Final Grade: B This book did what it was supposed to do, which was scare me AND make me laugh at the same time. I liked Rory, I thought the pacing was excellent, and the story was original. It was an enjoyable read, certainly a book I’d recommend to my students who enjoy a ghost story with some depth.
Friends With Boys
by Faith Erin Hicks
First Second Publishers
Release Date: Feb 2012
ARC received from NetGalley
I’m not typically in to graphic novels, but I have an interest in them on a professional level because they are so popular with my students. I’ve paid particular interest to graphic novels for girls, and I’m proud to say that graphic novels circulated pretty evenly between girls and boys at my school. I wanted to review this book because it looks like it would be a great addition to our collection.
The premise of the story also caught my eye: it is the story of a girl making the transition from homeschooling to high school. Maggie McKay has only known the friendship of her three older brothers, and she must navigate the (sometimes hidden) social rules of public school. She’s also haunted by a ghost, trying to make her first female friend, and missing her recently-absent mother. It’s a lot to fit into 211 pages.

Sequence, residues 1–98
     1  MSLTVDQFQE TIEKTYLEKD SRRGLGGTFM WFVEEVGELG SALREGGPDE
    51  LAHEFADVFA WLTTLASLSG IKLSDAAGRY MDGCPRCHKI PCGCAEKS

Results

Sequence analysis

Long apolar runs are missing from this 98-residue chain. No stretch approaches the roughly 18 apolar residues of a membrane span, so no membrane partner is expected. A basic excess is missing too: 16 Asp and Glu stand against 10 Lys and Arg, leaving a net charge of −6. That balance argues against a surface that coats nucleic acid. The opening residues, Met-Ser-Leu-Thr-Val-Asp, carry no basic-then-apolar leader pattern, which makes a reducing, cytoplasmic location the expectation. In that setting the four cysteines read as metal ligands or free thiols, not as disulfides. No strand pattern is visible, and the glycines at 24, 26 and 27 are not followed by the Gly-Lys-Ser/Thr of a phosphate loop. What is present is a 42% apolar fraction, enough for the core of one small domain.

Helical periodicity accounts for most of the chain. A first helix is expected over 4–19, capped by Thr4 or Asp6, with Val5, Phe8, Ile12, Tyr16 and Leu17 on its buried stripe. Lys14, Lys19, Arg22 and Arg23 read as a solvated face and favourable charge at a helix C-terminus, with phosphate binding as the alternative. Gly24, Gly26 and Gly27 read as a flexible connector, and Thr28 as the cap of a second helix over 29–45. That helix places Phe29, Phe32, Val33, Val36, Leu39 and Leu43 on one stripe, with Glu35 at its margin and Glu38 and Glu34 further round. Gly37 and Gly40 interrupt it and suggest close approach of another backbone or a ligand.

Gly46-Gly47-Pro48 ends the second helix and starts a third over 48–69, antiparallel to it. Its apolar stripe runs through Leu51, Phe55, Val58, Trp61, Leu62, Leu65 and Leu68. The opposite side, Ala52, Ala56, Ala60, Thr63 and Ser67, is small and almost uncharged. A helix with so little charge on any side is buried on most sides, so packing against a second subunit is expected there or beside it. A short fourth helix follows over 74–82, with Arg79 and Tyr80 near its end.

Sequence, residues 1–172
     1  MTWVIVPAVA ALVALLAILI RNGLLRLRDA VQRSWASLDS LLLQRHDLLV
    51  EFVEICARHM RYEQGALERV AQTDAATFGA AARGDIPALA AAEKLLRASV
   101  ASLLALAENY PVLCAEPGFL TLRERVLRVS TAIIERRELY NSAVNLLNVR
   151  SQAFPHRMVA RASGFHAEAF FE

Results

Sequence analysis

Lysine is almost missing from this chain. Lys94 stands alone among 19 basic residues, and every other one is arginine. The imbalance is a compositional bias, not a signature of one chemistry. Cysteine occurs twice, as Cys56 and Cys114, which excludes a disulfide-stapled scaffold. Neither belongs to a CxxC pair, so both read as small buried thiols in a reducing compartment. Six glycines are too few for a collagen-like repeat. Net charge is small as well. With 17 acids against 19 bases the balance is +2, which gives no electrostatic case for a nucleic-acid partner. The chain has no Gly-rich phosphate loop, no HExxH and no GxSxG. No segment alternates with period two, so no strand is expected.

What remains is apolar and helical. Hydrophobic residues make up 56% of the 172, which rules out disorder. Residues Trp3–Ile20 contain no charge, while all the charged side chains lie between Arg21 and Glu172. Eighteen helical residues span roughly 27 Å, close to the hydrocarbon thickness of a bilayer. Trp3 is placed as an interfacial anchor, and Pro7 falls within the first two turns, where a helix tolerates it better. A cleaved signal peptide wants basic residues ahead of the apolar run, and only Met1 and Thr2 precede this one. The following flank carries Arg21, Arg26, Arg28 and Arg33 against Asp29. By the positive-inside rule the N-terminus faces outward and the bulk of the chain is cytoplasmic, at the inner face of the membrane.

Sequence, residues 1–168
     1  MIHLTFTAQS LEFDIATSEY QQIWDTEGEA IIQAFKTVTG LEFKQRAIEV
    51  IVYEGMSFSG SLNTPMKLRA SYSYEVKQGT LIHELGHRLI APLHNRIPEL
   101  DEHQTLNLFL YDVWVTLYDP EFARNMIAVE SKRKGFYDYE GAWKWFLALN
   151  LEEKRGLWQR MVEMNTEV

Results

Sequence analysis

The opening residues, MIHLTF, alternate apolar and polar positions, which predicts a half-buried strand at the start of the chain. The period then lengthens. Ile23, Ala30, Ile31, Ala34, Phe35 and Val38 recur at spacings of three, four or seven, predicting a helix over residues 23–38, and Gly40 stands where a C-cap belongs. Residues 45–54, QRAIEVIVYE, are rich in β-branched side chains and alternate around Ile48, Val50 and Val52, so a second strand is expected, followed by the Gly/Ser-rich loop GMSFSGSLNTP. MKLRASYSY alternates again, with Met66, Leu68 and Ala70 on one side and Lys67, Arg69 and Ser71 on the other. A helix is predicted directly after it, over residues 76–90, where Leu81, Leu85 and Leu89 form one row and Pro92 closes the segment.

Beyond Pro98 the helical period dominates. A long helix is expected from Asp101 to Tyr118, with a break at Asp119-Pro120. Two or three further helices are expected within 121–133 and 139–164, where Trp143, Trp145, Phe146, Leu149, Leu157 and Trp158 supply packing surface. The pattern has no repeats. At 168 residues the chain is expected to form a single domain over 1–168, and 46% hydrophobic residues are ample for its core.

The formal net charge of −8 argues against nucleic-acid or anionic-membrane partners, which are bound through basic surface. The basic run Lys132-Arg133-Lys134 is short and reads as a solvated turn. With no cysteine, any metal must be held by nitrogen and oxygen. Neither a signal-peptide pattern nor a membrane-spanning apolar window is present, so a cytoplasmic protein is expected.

Overall, I liked the story. Maggie is a tomboy and a little lost, but she’s likeable. All of the characters are likeable except for the villain, Volleyball-Star Matt. The primary story is done well and the drawings were fantastic! The main issues I had were with the ending. Is this a series? Because some of the plot lines just weren’t satisfying! There was a ghost in the graveyard that is supposed to be haunting Maggie, but that’s not really resolved. Where is Maggie’s mother? It’s kind of implied that she might come back and Maggie misses her terribly, but it’s left at that. No news either way.
One thing I found really cool is that the artist/author is posting the pages on her website with commentary. If you are interested in comic, graphic novels, or cool books for girls, I’d suggest you check it out.
Final Grade: C+
Good. Average. I liked it, but it was lacking in the ending. If it’s a series, that makes sense. I would buy this for my media center and continue the series, and I would recommend it to both male and female readers — especially anyone who feels like an outsider.
(I gave it a plus for having an amazing Zombie Musical in one scene, a la “Tiny Dancer” in Will Grayson, Will Grayson, as well as varied body shapes and sizes in the characters. Bonus points.)